"[University growth] has been critical on the basis of the kind of age group we're trying to target," explains Alistair Kirkwood. "From an attitudinal perspective, you want to go after teenagers and [people in their] early twenties because they do have more leisure time, they are willing to adopt new things, and they make decisions based on how things they adopt reflect on them as personalities.... Our growth will come from that age demographic."

It was this demographic that, 10 years ago, formed a cult and laid the other half of the foundation of the league's current British success.

Before Channel 5 dropped their late-night American sports coverage for Super Casino and other associated claptrap, it was a mecca for fans. It broadcast the full ship's compliment of American sports, highlighted by American football coverage.

The NFL show was established with beloved American pundit Mike Carlson working alongside Colin Murray. However, when Murray left for Radio 1, his role was taken up by a young broadcaster transitioning into sports from comedy. That man was Nat Coombs. As good as the coverage was with Murray – something Coombs is always eager to highlight – there was something special about the show when he and Carlson hooked up.

Nat Coombs (left) anchoring the BBC's NFL coverage with Mike Carlson (centre) and former New York Giants man Osi Umenyiora

"One thing that was clear, even though I wasn't very good [during my first year], was that Carlson and I just clicked in this slightly odd-couple way," Coombs says.

The endearingly awkward Coombs and mischievous Carlson – enough years Nat's senior that he read the elder statesman growing up in First Down magazine, a fact he likes to remind his friend of—did indeed make a great team. The show transformed into equal parts NFL coverage, background stories from Carlson, and comedy as the pair brought the best out of each other.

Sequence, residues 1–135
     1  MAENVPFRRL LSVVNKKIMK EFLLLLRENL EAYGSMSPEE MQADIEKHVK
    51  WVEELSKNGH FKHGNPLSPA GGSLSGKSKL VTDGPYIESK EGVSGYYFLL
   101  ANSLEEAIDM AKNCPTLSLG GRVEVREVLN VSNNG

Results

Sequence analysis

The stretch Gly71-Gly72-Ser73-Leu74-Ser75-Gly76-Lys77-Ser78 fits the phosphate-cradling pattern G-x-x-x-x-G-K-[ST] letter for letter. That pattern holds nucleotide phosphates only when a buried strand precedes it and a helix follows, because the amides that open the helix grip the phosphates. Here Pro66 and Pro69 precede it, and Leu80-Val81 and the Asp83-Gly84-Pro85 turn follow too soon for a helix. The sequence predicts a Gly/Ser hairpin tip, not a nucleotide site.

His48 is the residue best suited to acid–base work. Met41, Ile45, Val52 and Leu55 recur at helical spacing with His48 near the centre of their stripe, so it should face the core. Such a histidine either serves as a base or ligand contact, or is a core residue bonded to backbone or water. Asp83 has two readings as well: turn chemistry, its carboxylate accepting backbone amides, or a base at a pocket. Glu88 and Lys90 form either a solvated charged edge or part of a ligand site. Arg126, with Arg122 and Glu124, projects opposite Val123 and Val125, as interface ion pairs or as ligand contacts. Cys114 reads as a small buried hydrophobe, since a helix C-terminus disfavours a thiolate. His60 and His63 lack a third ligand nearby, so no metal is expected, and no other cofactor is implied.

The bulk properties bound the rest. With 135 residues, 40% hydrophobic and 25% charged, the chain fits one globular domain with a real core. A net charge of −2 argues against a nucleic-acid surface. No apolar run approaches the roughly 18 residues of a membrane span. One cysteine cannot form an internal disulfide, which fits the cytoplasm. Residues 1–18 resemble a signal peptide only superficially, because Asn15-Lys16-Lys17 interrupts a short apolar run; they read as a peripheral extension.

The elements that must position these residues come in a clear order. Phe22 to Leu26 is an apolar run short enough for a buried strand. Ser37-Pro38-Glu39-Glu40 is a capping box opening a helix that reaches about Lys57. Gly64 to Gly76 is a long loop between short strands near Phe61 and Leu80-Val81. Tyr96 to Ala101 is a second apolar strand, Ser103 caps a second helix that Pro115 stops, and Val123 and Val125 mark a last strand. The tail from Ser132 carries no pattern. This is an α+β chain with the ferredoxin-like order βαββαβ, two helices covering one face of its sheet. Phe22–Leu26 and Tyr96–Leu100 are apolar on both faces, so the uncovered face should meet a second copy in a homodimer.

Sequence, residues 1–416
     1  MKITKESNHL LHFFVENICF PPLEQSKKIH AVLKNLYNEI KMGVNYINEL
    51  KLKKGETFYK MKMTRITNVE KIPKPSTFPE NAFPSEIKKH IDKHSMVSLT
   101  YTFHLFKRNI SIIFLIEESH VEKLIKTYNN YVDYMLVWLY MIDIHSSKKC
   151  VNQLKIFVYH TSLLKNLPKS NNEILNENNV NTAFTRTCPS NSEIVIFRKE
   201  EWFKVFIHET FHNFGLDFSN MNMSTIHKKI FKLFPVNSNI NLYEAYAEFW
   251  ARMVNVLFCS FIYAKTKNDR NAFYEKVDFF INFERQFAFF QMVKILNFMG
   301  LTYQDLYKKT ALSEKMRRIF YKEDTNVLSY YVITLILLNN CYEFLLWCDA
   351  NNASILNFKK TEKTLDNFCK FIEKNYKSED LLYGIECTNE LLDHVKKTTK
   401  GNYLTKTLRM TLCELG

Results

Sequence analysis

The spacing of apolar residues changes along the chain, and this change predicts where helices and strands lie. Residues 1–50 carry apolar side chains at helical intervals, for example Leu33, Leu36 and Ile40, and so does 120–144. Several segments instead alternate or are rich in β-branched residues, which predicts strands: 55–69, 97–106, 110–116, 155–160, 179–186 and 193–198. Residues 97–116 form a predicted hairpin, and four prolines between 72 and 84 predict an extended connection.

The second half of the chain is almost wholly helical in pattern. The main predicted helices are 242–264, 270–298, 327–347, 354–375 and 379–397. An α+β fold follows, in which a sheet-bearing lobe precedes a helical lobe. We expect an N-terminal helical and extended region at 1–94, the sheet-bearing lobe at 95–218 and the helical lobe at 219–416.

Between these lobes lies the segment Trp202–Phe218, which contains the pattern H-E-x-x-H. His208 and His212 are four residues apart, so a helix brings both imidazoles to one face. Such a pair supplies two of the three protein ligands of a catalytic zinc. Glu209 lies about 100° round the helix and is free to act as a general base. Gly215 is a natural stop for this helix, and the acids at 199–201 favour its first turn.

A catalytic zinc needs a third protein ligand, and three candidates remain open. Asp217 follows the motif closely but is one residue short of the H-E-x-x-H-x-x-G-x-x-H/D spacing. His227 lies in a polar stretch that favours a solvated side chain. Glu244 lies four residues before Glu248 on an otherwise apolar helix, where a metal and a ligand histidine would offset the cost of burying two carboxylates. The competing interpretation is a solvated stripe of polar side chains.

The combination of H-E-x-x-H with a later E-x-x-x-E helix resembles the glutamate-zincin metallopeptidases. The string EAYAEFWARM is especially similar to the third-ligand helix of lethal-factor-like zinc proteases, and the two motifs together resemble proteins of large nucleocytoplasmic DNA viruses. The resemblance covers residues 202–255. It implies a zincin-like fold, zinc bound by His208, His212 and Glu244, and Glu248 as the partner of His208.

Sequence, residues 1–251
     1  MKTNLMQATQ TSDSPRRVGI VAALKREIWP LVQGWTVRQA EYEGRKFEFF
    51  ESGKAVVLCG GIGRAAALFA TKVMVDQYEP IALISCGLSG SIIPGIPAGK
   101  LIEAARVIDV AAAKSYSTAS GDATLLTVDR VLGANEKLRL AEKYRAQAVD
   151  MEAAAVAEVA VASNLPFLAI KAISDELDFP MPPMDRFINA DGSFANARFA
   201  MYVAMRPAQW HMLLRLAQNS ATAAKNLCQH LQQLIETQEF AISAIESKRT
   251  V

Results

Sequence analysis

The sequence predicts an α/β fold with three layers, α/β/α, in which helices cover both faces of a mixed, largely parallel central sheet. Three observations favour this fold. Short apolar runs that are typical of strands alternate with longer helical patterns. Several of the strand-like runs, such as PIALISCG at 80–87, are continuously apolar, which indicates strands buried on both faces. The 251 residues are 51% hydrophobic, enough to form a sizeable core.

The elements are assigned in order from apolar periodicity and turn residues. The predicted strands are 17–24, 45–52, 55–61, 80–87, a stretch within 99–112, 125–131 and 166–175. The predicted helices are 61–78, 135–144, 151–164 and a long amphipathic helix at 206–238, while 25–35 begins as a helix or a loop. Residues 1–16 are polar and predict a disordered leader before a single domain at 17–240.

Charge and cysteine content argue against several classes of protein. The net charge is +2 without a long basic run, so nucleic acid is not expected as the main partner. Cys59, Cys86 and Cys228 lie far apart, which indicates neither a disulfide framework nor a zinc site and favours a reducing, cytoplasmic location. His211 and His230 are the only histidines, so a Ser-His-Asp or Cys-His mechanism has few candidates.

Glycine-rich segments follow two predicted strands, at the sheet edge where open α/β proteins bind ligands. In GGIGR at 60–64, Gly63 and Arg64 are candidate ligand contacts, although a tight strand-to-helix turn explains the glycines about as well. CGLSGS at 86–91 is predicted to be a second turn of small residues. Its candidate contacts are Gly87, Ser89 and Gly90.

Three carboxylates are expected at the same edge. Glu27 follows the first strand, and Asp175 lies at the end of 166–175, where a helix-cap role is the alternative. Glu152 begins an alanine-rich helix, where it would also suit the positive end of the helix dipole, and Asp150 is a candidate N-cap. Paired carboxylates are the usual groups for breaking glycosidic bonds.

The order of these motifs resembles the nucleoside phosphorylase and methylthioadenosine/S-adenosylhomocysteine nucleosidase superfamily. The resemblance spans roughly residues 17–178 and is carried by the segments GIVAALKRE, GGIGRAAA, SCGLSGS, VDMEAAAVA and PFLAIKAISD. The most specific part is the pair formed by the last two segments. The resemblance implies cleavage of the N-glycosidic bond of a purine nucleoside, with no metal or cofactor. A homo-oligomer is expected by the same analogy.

"What an amazing gig," says Coombs, "to be able to talk about this brilliant sport, but also spend three minutes talking about The Wire if you want to?"

With the freedom that late night television provided, they struck gold.

"It was a magical time that I think very few live sports jobs around the world would have enabled, so I was very lucky," says Coombs on his Channel 5 days.

READ MORE: What's it Like Being a British NFL Fan?

Their chemistry, along with a big community watching at home and interacting on social media, fostered a real sense of camaraderie with the show. They dominated late night television, and moved together when the show switched back to its ancestral home on Channel 4. It was the fostering of this group mentality and identity, though, which drew so many in – especially among the student scene emerging alongside them – and is their lasting legacy.